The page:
Flowering times vary, but the best displays are in winter when the whole shrub is covered in small, white flowers. Typical of the family Asteraceae, the flowers are a composition of 2-3 showy white ray florets on the outside and purple disc florets in the centre.On warm days many bees are attracted to the flowers, seeking their small amounts of nectar. Soon after flowering, fruits are formed that are covered in long, white hairs. These attractive, fluffy seed heads look like cotton wool or snow, which gave Eriocephalus the common name kapokbos in Afrikaans. (Kapok refers to snow).

Eriocephalus prefers full sun and well drained soils. In the western Cape it is best to plant during the wet winter months so that the plants can establish themselves before the dry summer. Wild rosemary is fairly hardy and will grow in most gardens throughout the country.

Mass plantings of Eriocephalus flowering in winter are very beautiful, but they also make striking combinations in smaller groups. The shrubs can be pruned lightly to encourage bushy growth, to shape into a hedge or even a ball. The root system is well developed with a taproot that can penetrate the soil to a depth of 6 m, and lateral roots that extend about 2 m around the plant and are closer to the surface. This extensive root system makes Eriocephalus africanus resistant to drought and able to recover from grazing by animals. New plants are easy to propagate from seed or cuttings. The seed may be sown in autumn or spring and germinates within 10 days. Eriocephalus roots easily from tip or heel cuttings taken in spring or autumn.IMG_8332

Wild rosemary has traditionally been used as a medicine for many ailments like coughs and colds, flatulence and colic, as a diuretic and a diaphoretic. A tea is usually made with 1 cup of boiling water and a sprig of wild rosemary. In her book on indigenous herbs, Margaret Roberts mentions that wild rosemary seems to have similar qualities to ordinary rosemary as both have an invigorating effect on the skin and hair. She suggests boiling springs of wild rosemary (1 measure of twigs and flowers to 2 measures of water) for 15 minutes and when cooled to add it to the bath or to use as a hair growth stimulant and conditioner. Wild rosemary can also be used for cooking, in sachets and pot-pourris.

In southern Africa there are 34 species of Eriocephalus, all with woolly fruits.

Floral Friday : Osteospermum fruticosum

Osteospermum fruticosum , also called the trailing African daisy or shrubby daisy bush, is a shrubby, semi-succulent herbaceous flowering plant native to South Africa, belonging to the small tribe Calenduleae of the sunflower family (Asteraceae).

IMG_8418 IMG_8416 IMG_8415

It grows between 6 and 12 inches tall and can spread four to six feet in width. The dark-centered daisy-like flowers range in color from deep purple to white. Some hybrid growers have bred pale yellow-flowering strains. The plant is a perennial in mild climates.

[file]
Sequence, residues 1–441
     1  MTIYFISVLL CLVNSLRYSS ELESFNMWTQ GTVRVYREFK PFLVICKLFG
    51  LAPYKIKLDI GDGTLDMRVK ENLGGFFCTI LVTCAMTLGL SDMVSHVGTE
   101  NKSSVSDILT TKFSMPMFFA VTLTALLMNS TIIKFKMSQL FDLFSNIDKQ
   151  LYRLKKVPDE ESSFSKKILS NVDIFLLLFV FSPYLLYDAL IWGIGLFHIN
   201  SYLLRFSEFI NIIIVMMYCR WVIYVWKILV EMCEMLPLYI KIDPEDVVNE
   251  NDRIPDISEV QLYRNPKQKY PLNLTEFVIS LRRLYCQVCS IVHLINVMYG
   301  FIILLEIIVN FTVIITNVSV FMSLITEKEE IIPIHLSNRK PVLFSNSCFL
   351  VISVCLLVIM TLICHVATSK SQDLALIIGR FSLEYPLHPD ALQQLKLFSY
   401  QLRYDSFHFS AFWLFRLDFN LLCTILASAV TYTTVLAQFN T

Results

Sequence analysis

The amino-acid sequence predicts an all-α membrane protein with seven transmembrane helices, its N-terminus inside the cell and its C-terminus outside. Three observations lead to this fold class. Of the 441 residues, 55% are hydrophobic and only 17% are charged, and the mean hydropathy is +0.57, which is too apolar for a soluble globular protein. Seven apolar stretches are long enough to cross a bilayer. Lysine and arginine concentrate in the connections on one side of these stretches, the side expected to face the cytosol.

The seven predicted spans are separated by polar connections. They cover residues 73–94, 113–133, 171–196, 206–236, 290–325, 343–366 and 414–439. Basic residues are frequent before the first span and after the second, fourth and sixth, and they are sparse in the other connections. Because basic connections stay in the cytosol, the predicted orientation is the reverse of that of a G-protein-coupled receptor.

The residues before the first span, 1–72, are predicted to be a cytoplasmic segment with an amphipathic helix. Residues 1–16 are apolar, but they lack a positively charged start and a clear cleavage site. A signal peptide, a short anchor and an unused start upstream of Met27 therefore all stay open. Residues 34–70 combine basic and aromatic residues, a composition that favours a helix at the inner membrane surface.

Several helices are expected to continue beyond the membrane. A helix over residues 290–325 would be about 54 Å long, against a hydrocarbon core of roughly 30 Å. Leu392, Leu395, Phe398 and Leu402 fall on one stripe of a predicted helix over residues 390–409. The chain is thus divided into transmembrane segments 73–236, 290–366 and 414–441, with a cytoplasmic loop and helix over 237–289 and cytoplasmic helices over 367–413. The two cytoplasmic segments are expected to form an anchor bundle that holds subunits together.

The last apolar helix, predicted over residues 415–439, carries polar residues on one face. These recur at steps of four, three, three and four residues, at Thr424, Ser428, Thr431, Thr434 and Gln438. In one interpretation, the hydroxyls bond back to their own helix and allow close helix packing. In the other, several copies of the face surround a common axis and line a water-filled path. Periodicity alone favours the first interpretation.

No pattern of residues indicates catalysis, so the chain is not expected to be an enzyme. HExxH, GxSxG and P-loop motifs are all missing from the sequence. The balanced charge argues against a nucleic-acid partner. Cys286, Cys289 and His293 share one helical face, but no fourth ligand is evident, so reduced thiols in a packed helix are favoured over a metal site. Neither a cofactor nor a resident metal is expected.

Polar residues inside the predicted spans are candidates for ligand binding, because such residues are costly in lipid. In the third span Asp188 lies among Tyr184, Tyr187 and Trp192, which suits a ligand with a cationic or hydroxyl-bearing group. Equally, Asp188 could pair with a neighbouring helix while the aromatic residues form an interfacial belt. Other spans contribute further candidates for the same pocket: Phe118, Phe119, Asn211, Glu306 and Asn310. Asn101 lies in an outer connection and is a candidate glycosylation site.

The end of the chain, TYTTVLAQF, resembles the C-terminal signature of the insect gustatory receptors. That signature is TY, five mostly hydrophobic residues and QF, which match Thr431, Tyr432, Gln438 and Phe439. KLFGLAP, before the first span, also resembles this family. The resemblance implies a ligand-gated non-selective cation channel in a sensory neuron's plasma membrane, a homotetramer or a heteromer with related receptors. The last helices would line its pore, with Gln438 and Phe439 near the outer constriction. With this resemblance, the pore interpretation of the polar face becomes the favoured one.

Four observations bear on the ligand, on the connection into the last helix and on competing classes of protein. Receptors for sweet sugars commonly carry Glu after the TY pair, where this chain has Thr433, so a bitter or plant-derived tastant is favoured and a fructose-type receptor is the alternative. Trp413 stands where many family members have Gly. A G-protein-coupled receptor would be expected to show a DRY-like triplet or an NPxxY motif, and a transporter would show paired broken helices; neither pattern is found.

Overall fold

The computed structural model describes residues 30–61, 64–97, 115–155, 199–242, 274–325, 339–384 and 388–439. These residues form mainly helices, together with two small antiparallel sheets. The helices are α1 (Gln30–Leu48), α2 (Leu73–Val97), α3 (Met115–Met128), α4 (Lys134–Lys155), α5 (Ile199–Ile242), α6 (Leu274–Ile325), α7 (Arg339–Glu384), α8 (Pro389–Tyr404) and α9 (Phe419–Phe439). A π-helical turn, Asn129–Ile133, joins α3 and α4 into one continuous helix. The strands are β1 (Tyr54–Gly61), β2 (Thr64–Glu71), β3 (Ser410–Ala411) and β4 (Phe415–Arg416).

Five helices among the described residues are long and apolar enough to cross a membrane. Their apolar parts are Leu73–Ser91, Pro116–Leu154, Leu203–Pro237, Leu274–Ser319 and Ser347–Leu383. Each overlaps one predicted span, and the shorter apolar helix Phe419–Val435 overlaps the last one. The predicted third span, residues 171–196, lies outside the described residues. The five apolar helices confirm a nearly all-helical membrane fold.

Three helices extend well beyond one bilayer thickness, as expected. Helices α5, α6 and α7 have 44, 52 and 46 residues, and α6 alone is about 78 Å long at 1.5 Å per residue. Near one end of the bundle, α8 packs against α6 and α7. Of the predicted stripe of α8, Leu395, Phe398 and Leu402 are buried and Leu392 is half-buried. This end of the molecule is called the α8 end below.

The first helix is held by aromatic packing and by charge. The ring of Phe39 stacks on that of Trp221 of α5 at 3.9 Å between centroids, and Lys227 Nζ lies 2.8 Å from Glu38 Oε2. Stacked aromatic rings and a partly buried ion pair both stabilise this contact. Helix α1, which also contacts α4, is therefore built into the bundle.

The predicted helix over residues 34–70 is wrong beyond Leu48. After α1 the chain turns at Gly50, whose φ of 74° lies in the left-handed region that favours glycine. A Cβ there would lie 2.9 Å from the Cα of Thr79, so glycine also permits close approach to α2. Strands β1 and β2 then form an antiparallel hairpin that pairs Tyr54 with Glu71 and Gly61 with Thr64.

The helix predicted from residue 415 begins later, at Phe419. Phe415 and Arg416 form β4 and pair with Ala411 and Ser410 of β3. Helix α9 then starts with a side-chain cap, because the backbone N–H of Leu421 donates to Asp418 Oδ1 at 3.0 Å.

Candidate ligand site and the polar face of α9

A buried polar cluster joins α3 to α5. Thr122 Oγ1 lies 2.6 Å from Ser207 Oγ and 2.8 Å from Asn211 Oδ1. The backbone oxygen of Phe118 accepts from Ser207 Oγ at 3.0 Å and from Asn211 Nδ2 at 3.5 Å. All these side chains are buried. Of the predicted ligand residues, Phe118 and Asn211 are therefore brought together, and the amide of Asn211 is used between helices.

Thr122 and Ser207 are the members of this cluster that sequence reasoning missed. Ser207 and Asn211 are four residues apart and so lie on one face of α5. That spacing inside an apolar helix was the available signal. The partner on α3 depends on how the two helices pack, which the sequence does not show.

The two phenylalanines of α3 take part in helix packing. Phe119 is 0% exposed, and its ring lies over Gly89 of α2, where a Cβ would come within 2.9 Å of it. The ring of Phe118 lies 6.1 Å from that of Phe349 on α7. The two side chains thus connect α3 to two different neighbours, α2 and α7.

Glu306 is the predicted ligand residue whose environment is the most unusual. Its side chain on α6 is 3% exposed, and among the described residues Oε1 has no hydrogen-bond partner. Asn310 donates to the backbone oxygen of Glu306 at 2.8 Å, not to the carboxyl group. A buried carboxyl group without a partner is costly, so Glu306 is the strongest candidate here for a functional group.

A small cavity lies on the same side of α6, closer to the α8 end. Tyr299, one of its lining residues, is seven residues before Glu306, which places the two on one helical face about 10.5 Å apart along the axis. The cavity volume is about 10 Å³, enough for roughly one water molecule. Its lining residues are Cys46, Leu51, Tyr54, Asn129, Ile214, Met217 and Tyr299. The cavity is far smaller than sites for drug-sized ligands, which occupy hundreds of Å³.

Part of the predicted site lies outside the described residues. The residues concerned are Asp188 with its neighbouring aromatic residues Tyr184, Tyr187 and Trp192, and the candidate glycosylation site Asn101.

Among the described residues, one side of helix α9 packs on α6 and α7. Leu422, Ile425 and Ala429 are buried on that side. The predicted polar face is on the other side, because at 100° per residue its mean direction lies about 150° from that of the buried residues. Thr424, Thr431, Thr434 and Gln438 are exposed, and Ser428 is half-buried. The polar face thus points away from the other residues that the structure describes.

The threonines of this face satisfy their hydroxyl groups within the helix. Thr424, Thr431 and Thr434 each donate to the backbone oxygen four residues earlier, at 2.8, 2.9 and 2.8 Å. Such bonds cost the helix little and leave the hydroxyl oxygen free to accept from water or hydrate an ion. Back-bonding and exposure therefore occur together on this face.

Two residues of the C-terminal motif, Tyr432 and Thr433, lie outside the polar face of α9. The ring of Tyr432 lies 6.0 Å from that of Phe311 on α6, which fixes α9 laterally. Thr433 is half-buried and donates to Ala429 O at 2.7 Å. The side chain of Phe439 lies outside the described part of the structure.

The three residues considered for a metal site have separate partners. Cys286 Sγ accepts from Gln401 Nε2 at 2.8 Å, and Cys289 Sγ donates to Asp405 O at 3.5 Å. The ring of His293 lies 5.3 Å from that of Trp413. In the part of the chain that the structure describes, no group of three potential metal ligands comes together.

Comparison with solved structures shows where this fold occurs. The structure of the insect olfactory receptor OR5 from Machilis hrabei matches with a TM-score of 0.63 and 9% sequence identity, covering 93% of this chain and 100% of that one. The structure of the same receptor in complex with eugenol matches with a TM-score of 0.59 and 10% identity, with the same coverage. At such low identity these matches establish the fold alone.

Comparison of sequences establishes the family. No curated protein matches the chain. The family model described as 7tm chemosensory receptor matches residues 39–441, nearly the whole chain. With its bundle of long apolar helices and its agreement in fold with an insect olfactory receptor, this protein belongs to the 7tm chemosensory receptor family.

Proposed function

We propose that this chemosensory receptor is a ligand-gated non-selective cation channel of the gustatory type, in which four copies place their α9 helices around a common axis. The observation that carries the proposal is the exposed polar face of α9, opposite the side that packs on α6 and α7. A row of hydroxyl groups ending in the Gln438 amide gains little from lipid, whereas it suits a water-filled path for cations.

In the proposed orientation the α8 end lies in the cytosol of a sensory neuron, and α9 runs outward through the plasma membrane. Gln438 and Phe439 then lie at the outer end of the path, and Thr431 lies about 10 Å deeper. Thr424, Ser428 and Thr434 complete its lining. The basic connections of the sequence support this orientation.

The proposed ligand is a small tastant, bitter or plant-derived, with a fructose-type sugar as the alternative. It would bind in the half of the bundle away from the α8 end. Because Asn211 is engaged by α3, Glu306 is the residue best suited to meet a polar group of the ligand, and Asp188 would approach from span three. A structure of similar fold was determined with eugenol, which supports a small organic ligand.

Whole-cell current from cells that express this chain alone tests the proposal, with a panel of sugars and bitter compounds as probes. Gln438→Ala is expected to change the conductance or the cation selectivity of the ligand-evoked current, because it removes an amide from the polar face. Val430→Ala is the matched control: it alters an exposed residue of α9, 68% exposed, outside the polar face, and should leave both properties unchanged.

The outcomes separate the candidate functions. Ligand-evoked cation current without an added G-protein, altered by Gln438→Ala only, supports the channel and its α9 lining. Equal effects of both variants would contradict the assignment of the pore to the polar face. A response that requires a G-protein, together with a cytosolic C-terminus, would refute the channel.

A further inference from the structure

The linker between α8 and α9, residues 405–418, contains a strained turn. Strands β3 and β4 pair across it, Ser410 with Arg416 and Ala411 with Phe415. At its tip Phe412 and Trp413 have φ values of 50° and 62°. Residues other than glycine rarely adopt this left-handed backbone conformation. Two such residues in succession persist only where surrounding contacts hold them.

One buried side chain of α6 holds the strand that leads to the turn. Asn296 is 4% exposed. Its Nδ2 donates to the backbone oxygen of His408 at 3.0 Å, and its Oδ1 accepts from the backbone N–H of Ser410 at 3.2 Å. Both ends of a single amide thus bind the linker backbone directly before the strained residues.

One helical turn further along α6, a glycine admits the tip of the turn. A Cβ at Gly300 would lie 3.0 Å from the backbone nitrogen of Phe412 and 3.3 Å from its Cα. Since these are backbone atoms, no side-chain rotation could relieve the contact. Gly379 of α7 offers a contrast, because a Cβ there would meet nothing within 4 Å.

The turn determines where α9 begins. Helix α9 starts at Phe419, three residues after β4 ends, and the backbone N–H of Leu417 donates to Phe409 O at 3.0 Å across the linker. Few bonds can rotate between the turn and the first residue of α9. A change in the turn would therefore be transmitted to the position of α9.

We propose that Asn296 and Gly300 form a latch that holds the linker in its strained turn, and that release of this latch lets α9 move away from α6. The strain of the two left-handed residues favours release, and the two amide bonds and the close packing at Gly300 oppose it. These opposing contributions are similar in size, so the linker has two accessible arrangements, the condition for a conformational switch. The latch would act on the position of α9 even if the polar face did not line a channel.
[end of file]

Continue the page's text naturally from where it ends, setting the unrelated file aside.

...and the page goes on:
Floral Friday : Felicias

Common names: blue felicia bush, shrubby felicia, bush felicia, blue felicia, blue marguerite, blue daisy bush, Paris daisy (Eng.); bloumagriet, blou-astertjie (Afr.)

Felicia amelloides catches the eye wherever it is planted, with its striking sky-blue and sunny yellow flowerheads, held well above the leaves. South Africa has been blessed with many felicias, several of which make excellent garden plants. This species is one of the best. Apart from its beauty, this plant has many advantages. It is hardy, fast growing, long-flowering and long-lived, more or less frost- and wind-resistant, needs only moderate water and little care. It is also readily available from nurseries. As blue is a difficult colour to get into a garden, this is definitely a plant that will draw attention.IMG_8324 (2)

This species comes from the coastal strip of both the Western and Eastern Cape Provinces, mainly from Humansdorp to Port Alfred. It has been recorded from as far west as the De Hoop-Potberg Nature Reserve and it reaches the Kei River mouth to the east. The furthest inland it extends seems to be to the Vanstadensberg and Winterhoek Mountains near Port Elizabeth and Uitenhage, and the Ecca Pass, near Grahamstown.

This felicia is mainly found on old coastal sand dunes that are beginning to stabilize, or where dunes meet permanent bush or where there is any shelter. It is also found on sandy flats, exposed stony hillsides, gravelly slopes, outcrops of Table Mountain Sandstone and on rock slabs. The associated vegetation has been described as fynbos (sometimes called macchia), transition fynbos/bush, coastal scrub, thick scrub, ericoid vegetation and Stoebe plumosa communities.IMG_8328

The blue felicia bush receives some rain all year round in much of its natural area and endures a wide range of temperatures, including some frost. It does not seem to need the regular coastal mists as it grows well in inland gardens. With this natural distribution and habitat, it could be grown in many parts of South Africa, except, perhaps, where there is very high rainfall and heavy frost. Good drainage and some shelter would probably overcome these problems.IMG_7728Felicias are visited by bees and small flying insects, such as wasps and butterflies. They also have tiny thrips running around the florets, usually carrying pollen grains on their bodies. Sometimes a bright yellow ‘flower’ spider lurks in the daisy’s centre, matching the disc florets perfectly. Whatever animal achieves pollination, it is generally very successful as full heads of seed are the norm. IMG_7731FLORAL FRIDAY FOTOS